Democracy Without Justice in Spain
The Politics of Forgetting
Pennsylvania Studies in Human Rights
Published by: University of Pennsylvania Press, Inc.
256 pages, 152.00 x 229.00 x 0.00 mm
- ISBN: 9780812245684
- Published: February 2014
Spain is a notable exception to the implicit rules of late twentieth-century democratization: after the death of General Francisco Franco in 1975, the recovering nation began to consolidate democracy without enacting any of the mechanisms promoted by the international transitional justice movement. There were no political trials, no truth and reconciliation commissions, no formal attributions of blame, and no apologies. Instead, Spain's national parties negotiated the Pact of Forgetting, an agreement intended to place the bloody Spanish Civil War and the authoritarian excesses of the Franco dictatorship firmly in the past, not to be revisited even in conversation. Formalized by an amnesty law in 1977, this agreement defies the conventional wisdom that considers retribution and reconciliation vital to rebuilding a stable nation. Although not without its dark side, such as the silence imposed upon the victims of the Civil War and the dictatorship, the Pact of Forgetting allowed for the peaceful emergence of a democratic state, one with remarkable political stability and even a reputation as a trailblazer for the national rights and protections of minority groups.
Omar G. Encarnación examines the factors in Spanish political history that made the Pact of Forgetting possible, tracing the challenges and consequences of sustaining the agreement until its dramatic reversal with the 2007 Law of Historical Memory. The combined forces of a collective will to avoid revisiting the traumas of a difficult and painful past and the reliance on the reformed political institutions of the old regime to anchor the democratic transition created a climate conducive to forgetting. At the same time, the political movement to forget encouraged the embrace of a new national identity as a modern and democratic European state. Demonstrating the surprising compatibility of forgetting and democracy, Democratization Without Justice in Spain offers a crucial counterexample to the transitional justice movement. The refusal to confront and redress the past did not inhibit the rise of a successful democracy in Spain; on the contrary, by leaving the past behind, Spain chose not to repeat it.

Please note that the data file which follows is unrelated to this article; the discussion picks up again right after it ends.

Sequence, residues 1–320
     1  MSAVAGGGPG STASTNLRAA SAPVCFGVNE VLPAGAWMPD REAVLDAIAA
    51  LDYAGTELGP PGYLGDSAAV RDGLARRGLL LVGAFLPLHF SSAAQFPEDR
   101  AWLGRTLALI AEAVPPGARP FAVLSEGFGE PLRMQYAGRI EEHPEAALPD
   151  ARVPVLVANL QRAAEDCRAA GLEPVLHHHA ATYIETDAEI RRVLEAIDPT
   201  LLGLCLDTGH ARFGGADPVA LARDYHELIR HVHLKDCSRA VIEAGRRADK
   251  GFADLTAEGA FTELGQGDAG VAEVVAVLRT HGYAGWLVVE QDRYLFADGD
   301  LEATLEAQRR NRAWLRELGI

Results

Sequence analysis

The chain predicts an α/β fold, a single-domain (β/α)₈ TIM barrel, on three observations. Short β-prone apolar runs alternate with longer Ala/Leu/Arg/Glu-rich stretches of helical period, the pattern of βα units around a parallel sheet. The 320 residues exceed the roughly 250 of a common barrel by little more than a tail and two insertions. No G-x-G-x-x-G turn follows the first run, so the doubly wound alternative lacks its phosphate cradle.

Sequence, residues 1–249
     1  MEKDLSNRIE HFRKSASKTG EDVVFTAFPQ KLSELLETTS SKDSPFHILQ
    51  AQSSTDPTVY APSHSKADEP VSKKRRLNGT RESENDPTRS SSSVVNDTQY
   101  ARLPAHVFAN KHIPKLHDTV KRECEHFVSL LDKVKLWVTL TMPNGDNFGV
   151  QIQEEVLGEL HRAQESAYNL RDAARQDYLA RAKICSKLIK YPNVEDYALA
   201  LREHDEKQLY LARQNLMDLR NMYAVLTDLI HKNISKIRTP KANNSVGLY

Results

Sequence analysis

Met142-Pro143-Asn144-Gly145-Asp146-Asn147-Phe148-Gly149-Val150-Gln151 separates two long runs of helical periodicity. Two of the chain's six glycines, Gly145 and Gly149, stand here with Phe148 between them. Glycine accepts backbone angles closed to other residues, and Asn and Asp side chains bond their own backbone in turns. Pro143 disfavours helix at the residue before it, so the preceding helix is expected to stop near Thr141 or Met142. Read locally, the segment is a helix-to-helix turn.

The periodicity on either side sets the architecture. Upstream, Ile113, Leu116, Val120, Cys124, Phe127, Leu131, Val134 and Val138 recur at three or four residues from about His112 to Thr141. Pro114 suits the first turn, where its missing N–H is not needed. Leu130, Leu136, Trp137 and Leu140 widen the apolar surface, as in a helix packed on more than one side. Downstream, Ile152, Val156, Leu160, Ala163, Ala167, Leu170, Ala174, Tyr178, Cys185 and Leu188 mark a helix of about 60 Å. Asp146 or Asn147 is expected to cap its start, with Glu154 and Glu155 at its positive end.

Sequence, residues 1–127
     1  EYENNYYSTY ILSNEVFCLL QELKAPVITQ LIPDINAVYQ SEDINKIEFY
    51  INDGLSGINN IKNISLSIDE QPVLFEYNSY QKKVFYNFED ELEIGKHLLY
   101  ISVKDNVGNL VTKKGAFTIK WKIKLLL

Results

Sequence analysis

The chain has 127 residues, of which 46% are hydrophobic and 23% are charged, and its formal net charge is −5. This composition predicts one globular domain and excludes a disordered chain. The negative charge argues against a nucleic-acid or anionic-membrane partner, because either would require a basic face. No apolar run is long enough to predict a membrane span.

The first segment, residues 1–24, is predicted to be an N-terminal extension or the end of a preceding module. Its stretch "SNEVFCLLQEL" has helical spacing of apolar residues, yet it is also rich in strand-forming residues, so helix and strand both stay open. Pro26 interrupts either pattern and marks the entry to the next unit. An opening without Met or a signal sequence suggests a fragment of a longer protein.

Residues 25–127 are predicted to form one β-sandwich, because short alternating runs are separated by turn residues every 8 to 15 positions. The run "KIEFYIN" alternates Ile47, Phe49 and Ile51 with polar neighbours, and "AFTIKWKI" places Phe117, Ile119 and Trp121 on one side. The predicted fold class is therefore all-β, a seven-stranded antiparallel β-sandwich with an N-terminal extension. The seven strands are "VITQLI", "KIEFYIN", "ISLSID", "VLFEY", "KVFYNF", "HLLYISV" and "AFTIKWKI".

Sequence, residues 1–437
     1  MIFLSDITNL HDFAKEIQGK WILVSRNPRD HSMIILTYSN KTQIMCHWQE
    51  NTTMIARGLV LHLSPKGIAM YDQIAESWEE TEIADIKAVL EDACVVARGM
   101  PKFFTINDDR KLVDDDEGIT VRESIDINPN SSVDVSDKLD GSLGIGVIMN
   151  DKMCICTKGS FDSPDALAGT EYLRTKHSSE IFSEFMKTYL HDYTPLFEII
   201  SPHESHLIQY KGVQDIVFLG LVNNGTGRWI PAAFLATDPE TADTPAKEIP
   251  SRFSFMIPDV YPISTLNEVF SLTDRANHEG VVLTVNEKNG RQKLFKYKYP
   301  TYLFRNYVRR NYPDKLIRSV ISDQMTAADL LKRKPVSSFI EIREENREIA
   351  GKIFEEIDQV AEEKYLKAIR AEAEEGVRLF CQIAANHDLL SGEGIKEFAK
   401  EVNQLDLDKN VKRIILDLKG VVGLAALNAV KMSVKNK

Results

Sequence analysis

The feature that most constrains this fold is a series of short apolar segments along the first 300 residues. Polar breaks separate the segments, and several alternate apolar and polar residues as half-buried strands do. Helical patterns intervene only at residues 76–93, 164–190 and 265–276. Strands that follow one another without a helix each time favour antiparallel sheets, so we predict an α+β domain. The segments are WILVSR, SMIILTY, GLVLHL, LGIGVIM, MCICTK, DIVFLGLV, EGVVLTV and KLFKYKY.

"Omar Encarnación has written a learned, thoughtful, and indeed humane critique of those who believe that there are universal solutions to the problem of nations coping with a recent history of conflict and oppression. His book should find readers well beyond Iberian specialists. He raises some of the most important questions of our time, and they concern us all."—Ian Buruma, author of Year Zero: A History of 1945
"A first-rate piece of scholarship that undertakes a detailed empirical analysis of a controversial and important issue, leading to a well-founded conclusion that challenges the conventional wisdom."—Richard Gunther, Ohio State University